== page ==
5 2 s 128 MB

You're in charge of designing a campus network between buildings and are very worried about its reliability and its cost. So, you've decided to build some redundancy into your network while keeping it as inexpensive as possible. Specifically, you want to build the cheapest network so that if any one line is broken, all buildings can still communicate. We'll call this a minimal reliable net.

There will be multiple test cases for this problem. Each test case will start with a pair of integers n (<= 15) and m (<= 20) on a line indicating the number of buildings (numbered 1 through n) and the number of potential inter-building connections, respectively. (Values of n = m = 0 indicate the end of the problem.) The following m lines are of the form b1 b2 c (all positive integers) indicating that it costs c to connect building b1 and b2. All connections are bidirectional.

For each test case you should print one line giving the cost of a minimal reliable net. If there is a minimal reliable net, the output line should be of the form:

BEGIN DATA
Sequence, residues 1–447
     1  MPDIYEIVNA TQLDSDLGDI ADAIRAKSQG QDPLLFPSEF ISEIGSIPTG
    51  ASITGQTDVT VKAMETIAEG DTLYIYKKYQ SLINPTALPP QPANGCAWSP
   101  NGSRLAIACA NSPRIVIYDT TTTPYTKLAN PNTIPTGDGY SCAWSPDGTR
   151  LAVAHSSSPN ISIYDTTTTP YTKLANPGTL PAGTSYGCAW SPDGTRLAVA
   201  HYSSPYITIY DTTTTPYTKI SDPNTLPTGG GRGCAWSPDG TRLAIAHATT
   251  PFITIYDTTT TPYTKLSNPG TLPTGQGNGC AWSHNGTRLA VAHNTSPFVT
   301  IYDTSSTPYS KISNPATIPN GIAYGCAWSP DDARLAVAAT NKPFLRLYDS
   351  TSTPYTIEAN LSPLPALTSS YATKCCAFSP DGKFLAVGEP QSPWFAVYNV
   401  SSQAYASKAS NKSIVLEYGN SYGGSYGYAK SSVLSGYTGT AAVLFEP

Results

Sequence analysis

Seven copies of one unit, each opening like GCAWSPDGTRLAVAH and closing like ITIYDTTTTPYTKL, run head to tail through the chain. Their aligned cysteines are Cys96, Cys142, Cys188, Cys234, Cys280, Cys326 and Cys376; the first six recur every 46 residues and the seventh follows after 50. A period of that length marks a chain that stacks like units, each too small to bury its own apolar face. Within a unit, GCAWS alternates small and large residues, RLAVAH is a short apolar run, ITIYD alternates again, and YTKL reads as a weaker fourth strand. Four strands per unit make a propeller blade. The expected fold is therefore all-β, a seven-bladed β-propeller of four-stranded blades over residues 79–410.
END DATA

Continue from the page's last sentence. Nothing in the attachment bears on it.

The minimal cost for test case p is c.

where p is the number of the test case (starting at 1) and c is the cost. If there is no reliable net possible, output a line of the form:

There is no reliable net possible for test case p.

The minimal cost for test case p is c.

where p is the number of the test case (starting at 1) and c is the cost. If there is no reliable net possible, output a line of the form:

There is no reliable net possible for test case p.

## Sample Input | ## Sample Output |
---|---|

4 5 1 2 1 1 3 2 2 4 2 3 4 1 2 3 1 2 1 1 2 5 0 0 | The minimal cost for test case 1 is 6. There is no reliable net possible for test case 2. |